In order to keep KItinerary from becoming a giant over-engineered mess entity types and attributes are added only as they are actually encountered in the wild. This meant that at this point it could only deal with reservations (e.g. a boarding pass is a “flight reservation”, which is typically what you get in an email) but not actual establishments like hotels or restaurants. Once that was fixed, I checked random restaurants and hotels in the vicinity to get some actual test cases. Thanks to Carl Schwan, our website guru, we also got machine-readable event details on our own Akademy 2019 page!

Step 3: Making it happen!

Itinerary browser popup showing detailed information about Akademy 2019
Plasma Browser Integration showing details about this year’s Akademy, extracted from our website

KItinerary comes with an external extractor binary which was added so 3rd party projects can use it without having to link against it. When a user clicks on the toolbar popup, the HTML of the currently viewed website is sent to the extractor process which then does magic and returns a normalized JSON structure I can then pour into a (for now pretty crude) user interface. Depending on the type of entity and data available I show things like start and end date of an event, the address of the venue, as well as contact information. The most useful part would of course be using KDE Connect to send the dates to your KDE Itinerary Android app (get it on F-Droid or directly from us), giving the organizers a call, or just adding the event to your calendar.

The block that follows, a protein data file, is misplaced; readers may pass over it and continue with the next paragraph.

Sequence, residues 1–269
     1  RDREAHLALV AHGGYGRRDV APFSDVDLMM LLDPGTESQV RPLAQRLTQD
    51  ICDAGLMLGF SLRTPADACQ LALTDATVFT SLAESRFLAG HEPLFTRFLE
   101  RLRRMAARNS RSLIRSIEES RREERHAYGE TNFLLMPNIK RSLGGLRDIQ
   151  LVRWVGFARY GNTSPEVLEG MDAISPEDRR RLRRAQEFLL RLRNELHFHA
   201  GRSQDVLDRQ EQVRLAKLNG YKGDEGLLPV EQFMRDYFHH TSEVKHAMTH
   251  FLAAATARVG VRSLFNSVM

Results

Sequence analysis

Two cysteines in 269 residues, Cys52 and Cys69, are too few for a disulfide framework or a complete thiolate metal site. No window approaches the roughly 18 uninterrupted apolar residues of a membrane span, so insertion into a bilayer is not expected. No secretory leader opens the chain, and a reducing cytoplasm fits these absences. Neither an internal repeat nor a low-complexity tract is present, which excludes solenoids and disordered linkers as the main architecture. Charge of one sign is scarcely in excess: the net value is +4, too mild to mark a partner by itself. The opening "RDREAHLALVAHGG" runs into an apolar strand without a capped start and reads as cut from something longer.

Itinerary browser popup showing detailed information about a restaurant, with "Reserve now" button
Some random restaurant I found which features a “Prenota un tavolo” action

A website can even add custom “potential actions”, such as a direct link to a booking page, or their own internal search page. Once we get a date and time picker control in Kirigami we could then send the restaurant information to Itinerary and let you enter when you’re actually going there.